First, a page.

As India celebrates Pride month, it is important to look back upon the history of pride and see how the world has changed over the years. Notable personalities ranging from lawyers to activists to screenwriters have impacted how society sees and treats members of the LGBTQIA+ community.
These Indian queer women made waves in society by dedicating their time and effort toward the welfare of the LGBTQIA+ community. By forming non-government organisations that empower the queer community to creating films that represent the community respectfully, these women have made an impact on the members of the community.
These queer women helped fight for the rights of the community and normalised queerness in society and media.
Indian LGBTQIA Women To Celebrate
The decriminalisation of Section 377 of the Indian Penal Code (IPC) was a landmark judgement in the history of LGBTQIA+ rights in India. Section 377 criminalised all sexual acts “against the order of nature” and was used to criminalise homosexuality.
Lawyer Menaka Guruswamy worked alongside a team of lawyers to challenge the constitutionality of Section 377. Alongside the team of lawyers, Guruswamy filed a petition on the behalf of five LGBTQIA+ petitioners led by Navtej Singh. The petition marked the first time LGBTQIA+ Indians filed writ petitions that alleged a violation of their rights.
Guruswamy also appeared on behalf of the petitioners and Section 377 was ultimately decriminalised in India.
In 2019, Guruswamy revealed that she was in a relationship with Arundhati Katju, with whom she had worked on the case of decriminalising Section 377. She spoke about being seen as a ‘criminal’ in the eyes of the law and then going to court as a lawyer and said that the decriminalisation of Section 377 was a personal win.
Arundhati Katju is a lawyer that worked alongside the aforementioned Menaka Guruswamy in the fight to decriminalise homosexuality. Katju represented the five petitioners in the case to decriminalise Section 377.
In another notable case, Katju represented a 19-year-old trans man who was deceitfully brought to India from the United States by his parents. Katju filed a petition in the Delhi High Court on his behalf for protection from harassment and his right to return to the United States. The court ruled in the petitioner’s favour and ordered his parents to return his travel documents.
Grace Banu is a Dalit and transgender activist who has spoken several times about intersectionality in her activism. Banu spoke about how transphobia can exist in Dalit communities and how upper-caste transgender people dominate leadership positions and define the needs of the transgender community. Banu believes that reservations have a transgenerational impact that cannot be replicated by temporary government and non-government schemes.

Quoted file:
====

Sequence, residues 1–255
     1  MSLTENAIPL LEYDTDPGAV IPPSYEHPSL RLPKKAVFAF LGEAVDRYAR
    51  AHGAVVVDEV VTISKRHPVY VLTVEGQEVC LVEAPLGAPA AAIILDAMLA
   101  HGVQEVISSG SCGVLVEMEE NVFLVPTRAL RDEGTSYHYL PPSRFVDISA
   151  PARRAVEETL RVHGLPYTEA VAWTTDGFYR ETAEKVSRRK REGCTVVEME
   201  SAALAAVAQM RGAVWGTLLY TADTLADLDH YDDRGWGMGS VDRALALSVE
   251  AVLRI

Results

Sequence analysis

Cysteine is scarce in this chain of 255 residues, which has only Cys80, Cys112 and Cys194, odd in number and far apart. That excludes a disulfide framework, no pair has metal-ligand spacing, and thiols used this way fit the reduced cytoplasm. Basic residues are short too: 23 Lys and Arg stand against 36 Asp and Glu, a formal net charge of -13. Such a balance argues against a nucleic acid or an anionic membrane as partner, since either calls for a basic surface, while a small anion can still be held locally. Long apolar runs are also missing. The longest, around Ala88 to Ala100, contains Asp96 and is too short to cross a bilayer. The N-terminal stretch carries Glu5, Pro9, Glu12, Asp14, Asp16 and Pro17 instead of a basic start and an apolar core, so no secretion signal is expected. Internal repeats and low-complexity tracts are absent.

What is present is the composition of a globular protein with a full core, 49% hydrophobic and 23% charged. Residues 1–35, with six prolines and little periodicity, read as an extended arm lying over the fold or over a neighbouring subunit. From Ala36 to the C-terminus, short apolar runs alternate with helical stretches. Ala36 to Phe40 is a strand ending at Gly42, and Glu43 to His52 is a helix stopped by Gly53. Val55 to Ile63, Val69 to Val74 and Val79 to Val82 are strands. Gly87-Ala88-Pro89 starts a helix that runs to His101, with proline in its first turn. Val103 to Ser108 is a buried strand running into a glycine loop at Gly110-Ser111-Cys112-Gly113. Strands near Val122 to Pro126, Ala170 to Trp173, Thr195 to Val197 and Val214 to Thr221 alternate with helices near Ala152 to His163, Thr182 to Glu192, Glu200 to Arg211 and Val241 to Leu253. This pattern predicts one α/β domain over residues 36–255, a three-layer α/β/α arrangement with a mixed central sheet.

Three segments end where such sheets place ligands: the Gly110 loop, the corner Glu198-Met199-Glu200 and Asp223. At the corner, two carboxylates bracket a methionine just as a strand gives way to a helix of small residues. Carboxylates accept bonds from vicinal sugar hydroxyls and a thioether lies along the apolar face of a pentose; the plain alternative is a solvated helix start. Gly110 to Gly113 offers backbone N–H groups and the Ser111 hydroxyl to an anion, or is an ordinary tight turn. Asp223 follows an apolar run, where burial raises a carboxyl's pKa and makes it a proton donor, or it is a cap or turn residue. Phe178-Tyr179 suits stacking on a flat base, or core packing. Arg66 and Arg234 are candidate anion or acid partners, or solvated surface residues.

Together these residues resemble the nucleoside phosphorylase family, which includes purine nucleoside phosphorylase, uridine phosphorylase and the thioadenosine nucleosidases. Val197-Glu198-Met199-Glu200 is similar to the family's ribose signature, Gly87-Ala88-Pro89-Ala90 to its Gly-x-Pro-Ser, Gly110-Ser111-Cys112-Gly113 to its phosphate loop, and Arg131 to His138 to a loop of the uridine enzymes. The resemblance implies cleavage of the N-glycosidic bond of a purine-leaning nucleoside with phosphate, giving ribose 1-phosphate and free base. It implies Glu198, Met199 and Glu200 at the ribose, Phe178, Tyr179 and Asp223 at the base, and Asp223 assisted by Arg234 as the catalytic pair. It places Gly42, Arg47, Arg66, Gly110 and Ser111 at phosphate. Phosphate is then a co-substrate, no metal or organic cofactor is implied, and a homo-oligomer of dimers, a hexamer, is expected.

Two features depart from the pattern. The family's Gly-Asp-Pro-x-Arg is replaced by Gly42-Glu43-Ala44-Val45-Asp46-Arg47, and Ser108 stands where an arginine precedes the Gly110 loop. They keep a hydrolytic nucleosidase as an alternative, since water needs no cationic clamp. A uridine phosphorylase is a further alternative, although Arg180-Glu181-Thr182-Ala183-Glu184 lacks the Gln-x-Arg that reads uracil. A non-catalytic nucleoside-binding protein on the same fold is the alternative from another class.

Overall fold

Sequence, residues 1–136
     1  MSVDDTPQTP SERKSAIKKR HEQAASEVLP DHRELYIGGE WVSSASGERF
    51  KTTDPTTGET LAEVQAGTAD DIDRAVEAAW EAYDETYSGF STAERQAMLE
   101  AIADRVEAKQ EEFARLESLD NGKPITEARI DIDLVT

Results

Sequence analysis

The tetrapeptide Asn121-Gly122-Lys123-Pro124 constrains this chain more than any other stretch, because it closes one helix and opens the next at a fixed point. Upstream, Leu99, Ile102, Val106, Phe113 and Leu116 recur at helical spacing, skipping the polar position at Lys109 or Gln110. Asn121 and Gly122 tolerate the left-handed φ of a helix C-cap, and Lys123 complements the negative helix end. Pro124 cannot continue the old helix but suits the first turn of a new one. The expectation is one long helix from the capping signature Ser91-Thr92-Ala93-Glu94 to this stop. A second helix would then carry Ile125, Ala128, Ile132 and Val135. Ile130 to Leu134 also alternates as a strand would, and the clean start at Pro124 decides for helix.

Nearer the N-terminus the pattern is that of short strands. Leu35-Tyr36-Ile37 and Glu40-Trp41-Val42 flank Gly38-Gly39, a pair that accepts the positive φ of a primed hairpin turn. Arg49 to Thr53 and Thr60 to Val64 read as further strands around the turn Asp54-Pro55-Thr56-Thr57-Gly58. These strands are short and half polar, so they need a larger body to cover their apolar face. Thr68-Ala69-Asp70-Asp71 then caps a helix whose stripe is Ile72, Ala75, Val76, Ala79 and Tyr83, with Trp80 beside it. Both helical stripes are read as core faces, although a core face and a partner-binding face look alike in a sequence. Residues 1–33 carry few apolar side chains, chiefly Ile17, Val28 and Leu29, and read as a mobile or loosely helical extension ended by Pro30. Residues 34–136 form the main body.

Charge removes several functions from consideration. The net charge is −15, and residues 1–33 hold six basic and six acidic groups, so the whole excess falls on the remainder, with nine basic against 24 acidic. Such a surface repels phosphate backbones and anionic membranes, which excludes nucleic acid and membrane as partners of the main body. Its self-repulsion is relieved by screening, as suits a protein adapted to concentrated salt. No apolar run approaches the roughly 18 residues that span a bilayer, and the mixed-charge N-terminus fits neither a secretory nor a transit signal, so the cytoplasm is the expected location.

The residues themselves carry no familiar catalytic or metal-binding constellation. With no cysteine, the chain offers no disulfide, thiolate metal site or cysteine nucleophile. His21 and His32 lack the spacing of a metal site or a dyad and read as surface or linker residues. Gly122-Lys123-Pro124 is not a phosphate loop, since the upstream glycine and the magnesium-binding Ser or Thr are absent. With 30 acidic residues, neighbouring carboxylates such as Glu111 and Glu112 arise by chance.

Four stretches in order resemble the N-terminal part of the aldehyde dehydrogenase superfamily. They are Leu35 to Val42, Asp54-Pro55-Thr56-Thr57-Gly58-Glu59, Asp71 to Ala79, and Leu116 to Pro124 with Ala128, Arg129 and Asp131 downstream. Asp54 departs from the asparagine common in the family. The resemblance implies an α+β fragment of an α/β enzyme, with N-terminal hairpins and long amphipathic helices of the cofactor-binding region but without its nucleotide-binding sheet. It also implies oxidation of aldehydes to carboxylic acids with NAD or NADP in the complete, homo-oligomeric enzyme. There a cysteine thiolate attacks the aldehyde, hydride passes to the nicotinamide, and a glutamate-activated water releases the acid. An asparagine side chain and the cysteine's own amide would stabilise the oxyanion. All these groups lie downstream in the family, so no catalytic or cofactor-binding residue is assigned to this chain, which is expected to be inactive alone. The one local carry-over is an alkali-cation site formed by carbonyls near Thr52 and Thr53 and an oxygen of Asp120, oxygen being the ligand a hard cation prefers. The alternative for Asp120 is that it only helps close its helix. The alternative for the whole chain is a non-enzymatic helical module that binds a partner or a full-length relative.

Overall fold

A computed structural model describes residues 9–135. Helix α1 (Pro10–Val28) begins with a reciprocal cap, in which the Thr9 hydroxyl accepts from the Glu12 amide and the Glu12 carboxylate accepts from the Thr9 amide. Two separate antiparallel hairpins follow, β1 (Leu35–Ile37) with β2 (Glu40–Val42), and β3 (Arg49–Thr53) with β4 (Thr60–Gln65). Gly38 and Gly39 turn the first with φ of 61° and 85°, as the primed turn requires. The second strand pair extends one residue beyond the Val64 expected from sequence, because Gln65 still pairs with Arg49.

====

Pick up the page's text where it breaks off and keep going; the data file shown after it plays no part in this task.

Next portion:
Banu is the founder and director of the Trans Rights Now Collective, an organisation that works towards empowering transgender people through education and employment rights.
The collective also urged the government to provide reservations to transgender people without clubbing them into the Other Backward Classes (OBC) category. Banu said that categorising all transgender people into one category doesn’t reflect the diversity within the trans community. “We are not all OBC category people. We have different caste backgrounds and many of us are facing caste-based oppression within our own community too,” said Banu.
Gauri Sawant is a transgender activist who was made the goodwill ambassador of the Election Commission in Maharashtra. She was featured in an advertisement by Vicks, where her real-life story of raising and adopting a child was shown.
In 2000, Sawant founded the Sakhi Char Chowghi Trust, an NGO that promotes safe sex and provides counselling to transgender people. In 2008, Sawant adopted a girl named Gayatri after her mother passed away. Sawant became the first transgender person to file a petition in the Supreme Court for adoption rights for transgender people.
Sawant is also known for petitioning in the National Legal Services Authority (NALSA) case, which led to the Supreme Court recognising transgender as the third gender.
While Gauri Sawant’s activism for transgender rights resonated with people, her motherhood after she adopted her daughter and her fight towards enriching the lives of the children of sex workers have made her mark on society. She was involved in setting up Nani Ka Ghar, a drop-in centre for the children of sex workers.
Shonali Bose is the writer, creator, and director of the film 2015 film Margarita with a Straw. When it comes to queer representation on screen, Margarita with a Straw marks one of the first movies with a queer woman as the focus that was created by a member of the community.
Bose had come out as bisexual and the main character in Margarita with a Straw is also a bisexual woman with cerebral palsy. LGBTQIA+ women are underrepresented in media and are often subjected to over-sexualisation and the male gaze. Margarita with a Straw discussed the main character’s sexual desires and sexuality and the film discussed it in terms of the woman herself rather than male pleasure.
Suggested Reading: This Pride Month, Here Are Five LGBTQ-Centric Films To Watch On OTT